About Us

  • Historic poster of a little boy proudly pointing to his Red Cross pin asking people to "Join!"

The American Red Cross has been serving the Rio Grande Valley since 1917. Each year, the American Red Cross touches and enhances tens of thousands of Valley residents' lives. These and other services and programs are made possible through the unique partnership between those who give their time - our valued volunteers, and those that give a financial gift - our valued donors.

With a paid staff of six, more than 600 trained volunteers, and a partnership of 3,000 active donors, we are able to provide services throughout the Rio Grande Valley. The South Texas Chapter serves 4 counties: Willacy, Cameron, Hidalgo and Starr County. Under the leadership of our board, we continue the proud tradition of helping Valley residents prevent, prepare for, and respond to emergencies. We reach out into the community every day, touching people's lives.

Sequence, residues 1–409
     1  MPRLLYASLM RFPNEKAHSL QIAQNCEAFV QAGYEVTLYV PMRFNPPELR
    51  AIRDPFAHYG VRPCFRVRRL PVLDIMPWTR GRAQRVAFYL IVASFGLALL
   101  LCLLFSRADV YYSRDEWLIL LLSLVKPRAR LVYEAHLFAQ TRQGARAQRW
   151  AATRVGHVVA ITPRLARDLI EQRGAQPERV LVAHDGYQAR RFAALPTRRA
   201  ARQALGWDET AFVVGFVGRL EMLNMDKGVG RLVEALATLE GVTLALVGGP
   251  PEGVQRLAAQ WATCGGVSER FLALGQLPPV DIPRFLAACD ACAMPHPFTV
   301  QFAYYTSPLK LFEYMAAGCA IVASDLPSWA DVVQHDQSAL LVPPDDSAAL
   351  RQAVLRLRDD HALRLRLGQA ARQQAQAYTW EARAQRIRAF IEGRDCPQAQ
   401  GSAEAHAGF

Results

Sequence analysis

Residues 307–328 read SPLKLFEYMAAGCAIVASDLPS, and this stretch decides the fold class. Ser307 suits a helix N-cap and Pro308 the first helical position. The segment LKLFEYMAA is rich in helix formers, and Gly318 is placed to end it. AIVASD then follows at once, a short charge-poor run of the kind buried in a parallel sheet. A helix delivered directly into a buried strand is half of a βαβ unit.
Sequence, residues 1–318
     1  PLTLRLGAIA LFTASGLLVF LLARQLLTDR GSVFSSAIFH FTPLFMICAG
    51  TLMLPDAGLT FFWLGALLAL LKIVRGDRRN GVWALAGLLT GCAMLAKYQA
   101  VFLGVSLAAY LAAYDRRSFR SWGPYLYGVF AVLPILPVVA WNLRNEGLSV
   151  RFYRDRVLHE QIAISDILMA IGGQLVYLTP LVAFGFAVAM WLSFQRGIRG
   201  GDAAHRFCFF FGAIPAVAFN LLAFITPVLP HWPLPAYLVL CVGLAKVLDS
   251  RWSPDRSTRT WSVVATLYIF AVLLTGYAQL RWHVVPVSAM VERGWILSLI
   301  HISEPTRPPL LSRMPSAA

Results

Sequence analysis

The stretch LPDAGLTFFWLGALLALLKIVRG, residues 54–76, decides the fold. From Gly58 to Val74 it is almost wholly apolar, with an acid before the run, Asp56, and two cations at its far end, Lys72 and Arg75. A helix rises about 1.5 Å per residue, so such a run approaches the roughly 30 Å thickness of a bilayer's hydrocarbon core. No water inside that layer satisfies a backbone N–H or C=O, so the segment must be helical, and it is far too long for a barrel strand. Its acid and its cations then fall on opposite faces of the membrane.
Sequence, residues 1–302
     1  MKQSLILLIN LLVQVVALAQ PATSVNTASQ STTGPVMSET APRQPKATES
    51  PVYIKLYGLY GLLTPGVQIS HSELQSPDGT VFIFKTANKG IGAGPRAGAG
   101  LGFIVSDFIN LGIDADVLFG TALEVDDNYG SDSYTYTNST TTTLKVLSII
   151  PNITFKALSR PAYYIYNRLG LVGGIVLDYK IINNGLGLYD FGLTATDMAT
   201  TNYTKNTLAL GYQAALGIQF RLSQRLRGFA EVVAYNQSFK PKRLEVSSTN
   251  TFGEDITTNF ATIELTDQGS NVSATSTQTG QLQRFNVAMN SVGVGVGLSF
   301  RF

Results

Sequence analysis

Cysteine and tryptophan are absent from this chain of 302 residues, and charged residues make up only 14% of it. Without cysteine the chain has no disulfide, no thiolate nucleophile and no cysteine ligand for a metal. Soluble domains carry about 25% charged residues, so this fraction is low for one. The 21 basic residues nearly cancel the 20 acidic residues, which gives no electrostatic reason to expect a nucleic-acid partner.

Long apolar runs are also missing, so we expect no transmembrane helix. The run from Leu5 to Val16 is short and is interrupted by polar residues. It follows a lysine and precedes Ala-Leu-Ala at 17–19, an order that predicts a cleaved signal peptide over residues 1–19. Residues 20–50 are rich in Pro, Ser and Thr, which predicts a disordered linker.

A Brief History

The history of the South Texas Chapter parallels the calamities and disasters that have befallen the area. Hurricanes, floods, explosions, fires and the effects of war on local residents are backdrops to our story.
  • 2002
    In November 2002, the South Texas Chapter moved into a new building
  • 2001
    A couple of days after the September 11 attacks, the Queen Isabella Causeway bridge collapsed on September 15, 2001 at South Padre Island, Texas.
  • 1998
    In May 1998, the Board of Governors gave approval for West Cameron County and Harlingen, Texas, to merge within the Rio Grande Valley to form what is known as the South Texas Chapter.
  • 1992
    On July 1, 1992, The American Red Cross in Washington, D.C., merged four four Red Cross chapters from Hidalgo, Starr, Willacy and Southern Cameron counties to form one larger service delivery unit.
  • 1988
    The first disaster event was on July 7, 1988 – a building collapsed in Brownsville, Texas. It was a busy downtown department store. A total of 14 people were killed, 190 were injured and 12 were hospitalized. Customs agents allowed Mexican Nationals to come over, one by one, and identify people who died. The Red Cross opened a shelter and 7,000 people were fed by mass care.